I'm having a hard time trying to understand a theorem of multivariable calculus.


  • Statement A = "The partial derivatives of $f$ are continuous in an open set containing (a,b)"
  • Statement B = "$f$ is differentiable at (a,b)"

I was wondering why the theorem: A$\implies$B was only true in that way. Why is A$\iff$B false ?

How can a function be differentiable without continuous partial derivatives ? Do you have an example of such a function ?

Thanks a lot for your help and happy new year ;)

Diego, student from Belgium


An example for such a function is: $f(x,y)=\begin{cases} (x^2+y^2)sin(\frac{1}{\sqrt{x^2+y^2}}) & if\;(x,y)\neq (0,0)\\ 0 & if\;(x,y)=(0,0). \end{cases}$

It is differentiable in $(0,0)$, but the partial derivatives are not continous in $(0,0)$.

More explicitely: The partial derivative $\frac{\partial f}{\partial x}$ is: (analogous for $y$)

$\frac{\partial f}{\partial x}(0,0)=\lim\limits_{h \rightarrow 0}{\frac{f(h,0)-f(0,0)}{h}}=\lim\limits_{h \rightarrow 0}{hsin(\frac{1}{|h|})}=0$.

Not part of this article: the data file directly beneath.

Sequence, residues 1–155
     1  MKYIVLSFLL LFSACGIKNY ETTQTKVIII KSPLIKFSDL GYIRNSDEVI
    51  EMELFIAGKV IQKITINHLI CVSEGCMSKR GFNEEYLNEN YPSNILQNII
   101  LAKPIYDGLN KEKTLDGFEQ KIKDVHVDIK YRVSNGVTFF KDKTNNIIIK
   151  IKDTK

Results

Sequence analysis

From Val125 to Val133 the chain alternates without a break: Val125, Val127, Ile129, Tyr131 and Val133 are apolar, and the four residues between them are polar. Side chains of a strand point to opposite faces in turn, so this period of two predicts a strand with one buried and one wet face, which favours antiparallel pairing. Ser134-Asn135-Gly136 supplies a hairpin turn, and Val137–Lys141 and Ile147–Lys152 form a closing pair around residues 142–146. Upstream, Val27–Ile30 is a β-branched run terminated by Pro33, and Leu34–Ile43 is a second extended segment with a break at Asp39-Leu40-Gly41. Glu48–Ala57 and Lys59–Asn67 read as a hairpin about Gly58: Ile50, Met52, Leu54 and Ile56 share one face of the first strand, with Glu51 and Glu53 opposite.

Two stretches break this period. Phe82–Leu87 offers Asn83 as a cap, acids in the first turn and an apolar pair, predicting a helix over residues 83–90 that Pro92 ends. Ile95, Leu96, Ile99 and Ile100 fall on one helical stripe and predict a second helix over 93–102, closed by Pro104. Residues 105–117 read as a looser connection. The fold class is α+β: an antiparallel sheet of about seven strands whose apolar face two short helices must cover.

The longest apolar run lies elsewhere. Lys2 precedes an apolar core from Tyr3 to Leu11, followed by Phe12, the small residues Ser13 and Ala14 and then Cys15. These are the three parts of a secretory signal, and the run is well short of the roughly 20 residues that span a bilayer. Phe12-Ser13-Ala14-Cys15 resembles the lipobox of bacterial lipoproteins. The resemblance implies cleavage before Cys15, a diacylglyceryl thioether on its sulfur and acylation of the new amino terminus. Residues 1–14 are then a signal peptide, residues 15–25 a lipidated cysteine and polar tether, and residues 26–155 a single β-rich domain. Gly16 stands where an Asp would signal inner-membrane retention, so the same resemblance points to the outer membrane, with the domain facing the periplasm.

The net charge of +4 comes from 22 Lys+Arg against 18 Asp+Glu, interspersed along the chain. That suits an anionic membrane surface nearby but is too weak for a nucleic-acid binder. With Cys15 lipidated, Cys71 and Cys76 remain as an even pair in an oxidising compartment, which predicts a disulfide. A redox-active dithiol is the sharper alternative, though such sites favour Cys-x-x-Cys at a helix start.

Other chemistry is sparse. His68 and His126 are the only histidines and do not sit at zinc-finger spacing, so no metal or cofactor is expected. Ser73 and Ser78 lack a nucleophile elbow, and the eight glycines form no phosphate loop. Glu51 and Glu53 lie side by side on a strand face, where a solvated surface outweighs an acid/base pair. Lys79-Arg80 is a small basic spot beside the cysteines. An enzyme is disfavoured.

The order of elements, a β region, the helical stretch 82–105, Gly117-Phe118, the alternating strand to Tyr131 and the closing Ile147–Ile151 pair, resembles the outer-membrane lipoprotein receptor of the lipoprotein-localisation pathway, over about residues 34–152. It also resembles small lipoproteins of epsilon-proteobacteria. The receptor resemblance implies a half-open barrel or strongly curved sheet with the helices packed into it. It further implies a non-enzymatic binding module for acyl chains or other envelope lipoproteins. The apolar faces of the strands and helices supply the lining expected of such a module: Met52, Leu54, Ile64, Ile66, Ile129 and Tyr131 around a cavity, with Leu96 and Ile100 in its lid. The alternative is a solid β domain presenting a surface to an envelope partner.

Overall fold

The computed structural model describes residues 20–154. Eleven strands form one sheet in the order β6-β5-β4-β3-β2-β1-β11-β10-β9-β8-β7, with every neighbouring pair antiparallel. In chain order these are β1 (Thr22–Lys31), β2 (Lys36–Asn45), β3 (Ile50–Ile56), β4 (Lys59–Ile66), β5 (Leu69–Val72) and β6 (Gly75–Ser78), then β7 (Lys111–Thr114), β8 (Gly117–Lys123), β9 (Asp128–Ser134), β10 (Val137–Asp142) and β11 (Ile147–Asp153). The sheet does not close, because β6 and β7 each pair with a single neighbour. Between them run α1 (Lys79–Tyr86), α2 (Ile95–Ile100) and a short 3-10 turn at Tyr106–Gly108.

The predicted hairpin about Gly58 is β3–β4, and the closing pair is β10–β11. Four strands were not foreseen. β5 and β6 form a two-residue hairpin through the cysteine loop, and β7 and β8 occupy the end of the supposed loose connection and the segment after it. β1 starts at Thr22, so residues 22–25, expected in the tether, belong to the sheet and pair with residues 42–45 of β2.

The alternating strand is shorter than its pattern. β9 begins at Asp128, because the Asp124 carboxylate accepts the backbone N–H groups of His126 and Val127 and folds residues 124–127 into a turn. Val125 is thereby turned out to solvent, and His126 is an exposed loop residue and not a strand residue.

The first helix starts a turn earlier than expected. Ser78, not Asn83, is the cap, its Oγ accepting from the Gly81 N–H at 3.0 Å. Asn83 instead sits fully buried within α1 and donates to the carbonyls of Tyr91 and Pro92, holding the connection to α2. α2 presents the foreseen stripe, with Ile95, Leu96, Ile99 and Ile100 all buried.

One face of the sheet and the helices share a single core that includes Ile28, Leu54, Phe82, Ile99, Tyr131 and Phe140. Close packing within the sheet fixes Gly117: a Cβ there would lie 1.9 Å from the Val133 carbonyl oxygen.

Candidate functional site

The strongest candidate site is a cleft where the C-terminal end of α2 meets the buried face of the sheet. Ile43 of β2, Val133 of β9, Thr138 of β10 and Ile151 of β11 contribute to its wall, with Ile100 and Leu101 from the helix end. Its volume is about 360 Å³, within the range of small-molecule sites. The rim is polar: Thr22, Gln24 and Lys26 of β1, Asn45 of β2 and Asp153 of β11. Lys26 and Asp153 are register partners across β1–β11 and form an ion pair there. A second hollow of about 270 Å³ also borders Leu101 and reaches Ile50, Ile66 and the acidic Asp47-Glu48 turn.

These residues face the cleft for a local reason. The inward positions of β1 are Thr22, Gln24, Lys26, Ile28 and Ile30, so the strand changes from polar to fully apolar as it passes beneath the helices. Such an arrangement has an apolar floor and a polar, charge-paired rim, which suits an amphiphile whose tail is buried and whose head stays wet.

$\frac{\partial f}{\partial x}(x,y)=2xsin(\frac{1}{\sqrt{x^2+y^2}})-\frac{xcos(\frac{1}{\sqrt{x^2+y^2}})}{\sqrt{x^2+y^2}}$.

If you consider this along the x-axis (i. e. y=0), you get $\frac{\partial f}{\partial x}(x,0)=2xsin(\frac{1}{|x|})-sgn(x)cos(\frac{1}{|x|})$, which is oscillating around $(0,0)$ (hence we don't have $\lim\limits_{x \rightarrow 0}\frac{\partial f}{\partial x}(x,0)=0)$, hence the partial derivative $\frac{\partial f}{\partial x}(x,y)$ is not continous.

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  • 1
    $\begingroup$ +1. $f(x)=x^2\sin(\frac{1}{x}),x\neq 0,f(0)=0$ works in one dimension: $\lim\sup_{x\rightarrow 0}f'(x)=1\neq \lim\inf_{x\rightarrow 0}f'(x)=-1$ $\endgroup$ – Peter Melech Jan 7 '19 at 13:13
  • $\begingroup$ You're right, but since Diego asked for multivariable and spoke of $(a,b)$, I thought he'd need an example in two dimensions. ^^ $\endgroup$ – Student7 Jan 7 '19 at 13:15
  • $\begingroup$ Of course! Your answer is excellent, my comment was just supplementary! $\endgroup$ – Peter Melech Jan 7 '19 at 13:18
  • $\begingroup$ Thank you for your answer ;) Have a very nice day ! $\endgroup$ – Diego H Jan 7 '19 at 13:36
  • $\begingroup$ Thank you, i wish you happy new year and a nice day, too. ^^ $\endgroup$ – Student7 Jan 7 '19 at 13:41

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